Winter is coming, and I am not happy about this. It’s October and I’m already bracing myself. My Mediterranean genes did not evolve to withstand cold weather, okay? There is a reason I lived in California for a decade. Regardless, here I am, settled in Boston, and coming to terms with dressing and eating seasonally, which means I am forced to wear socks (glass half empty) but I also get to cook warm, savoury comfort food (glass totally full).
There is a classic Palestinian dish called maftoul: bone-in chicken cooked in a hearty broth of onions, chickpeas, perfumed with spices such as cumin and cardamom, and served over the large-grain Palestinian couscous of the same name. Perfect for chilly weather and providing the energy to tackle another day. As I write this, it strikes me that part of the extraordinary resilience of our people is found in our cuisine. It is grounded in simple traditions that, like its people, are stalwart century to century, with unpretentious ingredients, and flavors that are as complex and nuanced as the culture itself.
Today I won’t be providing the recipe for maftoul the dish, but rather maftoul the couscous. Actually, calling it couscous is a bit of a misnomer. Couscous is a Maghrebi (North African) dish made of durum and semolina rolled into tiny grains. Maftoul, on the other hand, is distinctly Palestinian and has a core of bulgur wheat, which is then rolled in wheat flour to make golden beads that are inherently more nutritious and less processed than traditional couscous or pastas. Maftoul is larger and sturdier than couscous and won’t become mushy, making it wonderful to be dressed in salads, perfect for absorbing the flavors of a stock (as in the eponymous maftoul), or served on the side of chicken or fish.
These days, it is extremely rare for maftoul to be made by hand, since it’s readily available packaged, and made by Palestinian women in cooperatives. However, the taste of fresh maftoul is leaps and bounds better. Rolling maftoul was a practice that was already dwindling by my mother’s era. In fact, her aunt Feride (were she alive she would be well into her 90s) taught my mother how to make maftoul by hand only once, back in the 1970s. And my mother, who is an experienced cook, has never made it again. I assume one of the reasons for this is the time it requires. Grandmothers used to sit crafting maftoul, grape leaves, and other delicacies for hours, chatting and sharing their lives. They were the living memory of our cuisine.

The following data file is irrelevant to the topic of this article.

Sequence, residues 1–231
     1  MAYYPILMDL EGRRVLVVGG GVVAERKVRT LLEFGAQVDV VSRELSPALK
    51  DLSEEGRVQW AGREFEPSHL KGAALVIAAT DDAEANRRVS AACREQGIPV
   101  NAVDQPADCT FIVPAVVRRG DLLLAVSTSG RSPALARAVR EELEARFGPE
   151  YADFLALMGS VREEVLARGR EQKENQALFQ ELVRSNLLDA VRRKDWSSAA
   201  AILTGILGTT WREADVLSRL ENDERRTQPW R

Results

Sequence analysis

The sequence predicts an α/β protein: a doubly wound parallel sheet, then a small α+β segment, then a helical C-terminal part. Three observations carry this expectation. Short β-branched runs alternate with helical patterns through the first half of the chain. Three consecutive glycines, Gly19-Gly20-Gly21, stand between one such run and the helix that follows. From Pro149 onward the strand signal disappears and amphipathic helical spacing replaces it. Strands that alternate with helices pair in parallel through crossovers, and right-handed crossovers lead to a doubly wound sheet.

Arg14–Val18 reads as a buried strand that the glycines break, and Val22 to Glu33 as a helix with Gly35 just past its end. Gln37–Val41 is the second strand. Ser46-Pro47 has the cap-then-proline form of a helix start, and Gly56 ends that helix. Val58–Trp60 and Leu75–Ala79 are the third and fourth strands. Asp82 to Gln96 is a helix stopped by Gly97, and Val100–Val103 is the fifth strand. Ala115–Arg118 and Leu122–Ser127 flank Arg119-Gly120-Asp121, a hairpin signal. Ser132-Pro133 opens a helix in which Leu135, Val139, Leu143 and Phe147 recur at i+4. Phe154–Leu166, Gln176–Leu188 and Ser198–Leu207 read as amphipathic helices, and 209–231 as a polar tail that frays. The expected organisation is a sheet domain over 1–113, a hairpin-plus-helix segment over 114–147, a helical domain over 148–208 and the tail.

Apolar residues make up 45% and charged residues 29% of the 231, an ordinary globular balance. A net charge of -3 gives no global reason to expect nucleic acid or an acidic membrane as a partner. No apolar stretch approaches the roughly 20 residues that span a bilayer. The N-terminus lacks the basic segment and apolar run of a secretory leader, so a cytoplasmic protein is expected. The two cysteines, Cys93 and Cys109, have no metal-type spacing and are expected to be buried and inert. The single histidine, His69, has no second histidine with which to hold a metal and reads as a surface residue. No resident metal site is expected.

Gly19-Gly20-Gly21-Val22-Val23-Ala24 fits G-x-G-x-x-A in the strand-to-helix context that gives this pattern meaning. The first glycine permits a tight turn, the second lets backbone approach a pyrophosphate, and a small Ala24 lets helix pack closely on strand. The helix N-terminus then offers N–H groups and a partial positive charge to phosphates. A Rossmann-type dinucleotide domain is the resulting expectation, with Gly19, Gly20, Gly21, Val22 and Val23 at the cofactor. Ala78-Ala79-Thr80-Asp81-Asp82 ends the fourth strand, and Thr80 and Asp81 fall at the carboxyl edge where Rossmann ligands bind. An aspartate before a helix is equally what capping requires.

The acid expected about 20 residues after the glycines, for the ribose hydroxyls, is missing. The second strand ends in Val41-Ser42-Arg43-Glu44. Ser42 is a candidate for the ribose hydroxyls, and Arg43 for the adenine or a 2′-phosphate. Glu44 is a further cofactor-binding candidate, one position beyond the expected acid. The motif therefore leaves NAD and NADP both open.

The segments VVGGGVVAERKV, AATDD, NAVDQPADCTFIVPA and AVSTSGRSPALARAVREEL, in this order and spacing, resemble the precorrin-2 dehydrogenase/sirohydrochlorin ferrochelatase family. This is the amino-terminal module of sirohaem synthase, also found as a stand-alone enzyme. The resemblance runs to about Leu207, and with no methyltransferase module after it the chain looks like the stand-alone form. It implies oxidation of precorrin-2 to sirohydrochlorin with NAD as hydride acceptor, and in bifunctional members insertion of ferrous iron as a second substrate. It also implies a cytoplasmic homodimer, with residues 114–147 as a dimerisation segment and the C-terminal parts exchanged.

Luckily (?), I have a somewhat obsessive nature. Which means when I get the idea I’m going to hand roll maftoul (something I’ve never done), well, nothing will stop me from rolling that maftoul. Add to that a lot of blind confidence, and you often have a disaster waiting to happen in my kitchen. Except that this time *phew* the spirits of my female forebears must have been on my side, because the maftoul turned out beautiful–if not slightly uneven in size.
**To do this properly, you should find a large pan with a rim (sanieh), similar to what you might bake kofta in. You’ll also need a colander for steaming and par-boiling the maftoul; if that’s not available, a thin kitchen towel works just fine. Before you begin, I suggest watching this Palestinian woman roll some maftoul like the boss she is:
Let’s get to it:
1 cup fine bulgur, soaked for 20-30 minutes in 3 cups boiling water
1 tablespoon salt
2 cups whole wheat flour
2 cups all purpose flour
**you may use more flour if you would like the maftoul larger
- Place 1 cup soaked bulgur in a strainer, if needed. You can save the excess water–it will come in handy as you’re rolling.
- Mix both flours and the salt together. Set aside in a bowl.
- Spread the bulgur evenly on the bottom of a rimmed pan.
4. Sweep the bulgur over to one side of the pan. Sprinkle about 1/4 to 1/2 cup of the flour mixture into the pan, and extra water if needed.
5. Using a circular motion, and moving finger tips in opposite directions, begin swirling the bulgur in the flour until the bulgur is coated.
6. Repeat the steps of adding flour and water, then swirling, until the maftoul is the size you desire. Usually about 1/8 inch in diameter.
7. The final step here is to parboil the maftoul, which is necessary even if you will use it immediately. To do this, place either in an oiled colander, or wrap in a kitchen towel inside the colander, then put the colander atop a pot of boiling water. I like to infuse my maftoul, so in the center of the grains, I put a spice bouquet of cinnamon sticks, cardamom pods, bay leaves, and chopped onions wrapped in cheesecloth. Cover with a lid to seal, and steam for 5 minutes.
8. The maftoul will turn a golden color and become plump.
9. Either use immediately, keep in the fridge for up to a week, or freeze for up to 3 months.
Try not to worry if your maftoul pearls are not evenly sized. This takes practice, even for an obsessive perfectionist 🙂 They are sure to be delicious.